Stop the Exodus

January 19, 2022

Over the past several months, an alarming number of leaders have shared with me about the challenges they are facing with attrition.  Some are particularly disheartened saying, “What can I do?  I can only control so much.”

There is no doubt that employee engagement and retention connect to a host of factors that are out of our control.  But even if you feel like a managerial cog in a gargantuan corporate wheel, there still are a number of things within your control that you can do to have an impact.

It has been said that people join companies but leave bosses.  There’s no doubt that’s true.  Fundamentally, if we’re a pain to work with, when the market is flooded with demand, folks are going to walk in a hurry.  Obviously, if we’re an over-demanding, self-adulating, credit-stealing, unrealistic, legalistic, out-of-emotional-control narcissist, “our” people won’t be “our” people for long!  But the purpose of this article is not to talk about those reasons for attrition at all.  I want to take a few moments to talk about what you can do when you are a good boss and your people are still leaving.

To begin, let’s again set aside all of the things that are out of your control – things like unfavourable decisions by executive leadership, limited salary or promotion structures defined by the company, promotion “bell curves” which limit your ability to promote despite the fact that you have more than your “allotted percentage” worthy of a hike and so on.  Beyond these obvious ones, your organisational ecosystem may be laden with (many) other conditions which act as deterrents to retention.  In fact, it is possible that your executive leadership may tom-tom “retention” and “engagement” but simultaneously clip your wings to solve the very problem they are asking you to fix.  Let’s put all of that aside!  Beyond all of these things which are largely out of your control, what is within your control?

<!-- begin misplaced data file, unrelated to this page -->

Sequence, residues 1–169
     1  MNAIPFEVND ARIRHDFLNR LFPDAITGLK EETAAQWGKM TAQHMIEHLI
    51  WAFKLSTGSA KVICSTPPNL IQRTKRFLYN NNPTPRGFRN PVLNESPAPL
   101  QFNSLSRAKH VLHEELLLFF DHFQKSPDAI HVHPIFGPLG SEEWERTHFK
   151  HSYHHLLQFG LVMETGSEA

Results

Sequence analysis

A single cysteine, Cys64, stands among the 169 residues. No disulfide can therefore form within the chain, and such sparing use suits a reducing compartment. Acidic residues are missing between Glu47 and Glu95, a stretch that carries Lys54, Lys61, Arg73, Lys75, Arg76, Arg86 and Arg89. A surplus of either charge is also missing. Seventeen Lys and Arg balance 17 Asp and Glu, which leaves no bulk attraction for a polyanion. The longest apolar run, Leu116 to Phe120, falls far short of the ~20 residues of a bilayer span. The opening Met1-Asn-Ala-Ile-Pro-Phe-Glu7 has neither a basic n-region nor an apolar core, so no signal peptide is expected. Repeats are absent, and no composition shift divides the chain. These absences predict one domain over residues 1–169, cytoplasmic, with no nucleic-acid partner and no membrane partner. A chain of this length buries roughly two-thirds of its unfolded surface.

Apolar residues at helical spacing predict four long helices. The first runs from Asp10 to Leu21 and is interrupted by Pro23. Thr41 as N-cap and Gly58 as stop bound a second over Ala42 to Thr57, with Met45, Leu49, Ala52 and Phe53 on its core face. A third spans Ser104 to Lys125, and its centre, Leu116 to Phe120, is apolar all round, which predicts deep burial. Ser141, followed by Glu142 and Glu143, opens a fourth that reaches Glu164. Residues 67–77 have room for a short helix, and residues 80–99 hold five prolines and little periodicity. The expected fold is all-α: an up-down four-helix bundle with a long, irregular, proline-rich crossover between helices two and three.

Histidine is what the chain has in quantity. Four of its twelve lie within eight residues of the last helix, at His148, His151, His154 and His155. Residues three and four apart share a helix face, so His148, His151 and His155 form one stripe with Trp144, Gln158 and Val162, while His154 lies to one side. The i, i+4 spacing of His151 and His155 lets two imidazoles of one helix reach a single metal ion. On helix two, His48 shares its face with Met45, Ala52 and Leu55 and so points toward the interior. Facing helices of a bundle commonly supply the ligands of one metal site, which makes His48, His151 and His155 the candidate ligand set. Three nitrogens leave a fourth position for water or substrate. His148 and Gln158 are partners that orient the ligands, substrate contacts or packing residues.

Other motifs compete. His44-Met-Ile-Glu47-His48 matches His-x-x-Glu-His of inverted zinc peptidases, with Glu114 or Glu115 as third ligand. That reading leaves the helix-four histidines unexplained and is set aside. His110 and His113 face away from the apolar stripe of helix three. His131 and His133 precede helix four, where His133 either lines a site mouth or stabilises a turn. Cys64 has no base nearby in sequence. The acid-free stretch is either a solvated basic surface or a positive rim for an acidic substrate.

One of the most valuable tools within your control is to leverage behavioural science to better understand the unique motivators of each of your employees so that you can connect with them at a level beyond the commercials.  A great place to begin is to familiarise yourself with any of the many four-quadrant psychometric tools (e.g., Social Styles, DISC, etc.) and create a customised engagement strategy for each employee.  While this approach is incredibly effective with any stakeholder (supervisors, clients, direct reports, etc.), I’d like to focus our attention in this article on how to apply one of these tools specifically to heightening employee engagement for the purpose of retention.

Let’s begin by just understanding the basics.  If you are unfamiliar, four-quadrant psychometrics essentially classify people into four categories.  Since Social Styles and DISC are the most prevalent, I’ll use that nomenclature for explanation.  The four basic types are:

• Driver / D
• Expressive / I
• Amiable / S
• Analytical / C

Most of us are a mix of at least two of these types and many are a blend of three.  When we’re talking of focusing on leveraging this science for retention, we particularly want to focus on the one or two personality types that are most prevalent.

Obviously, it is beyond the scope of this small article to get into the minutia and nuances of these models. But, here are a few thoughts to help get you started: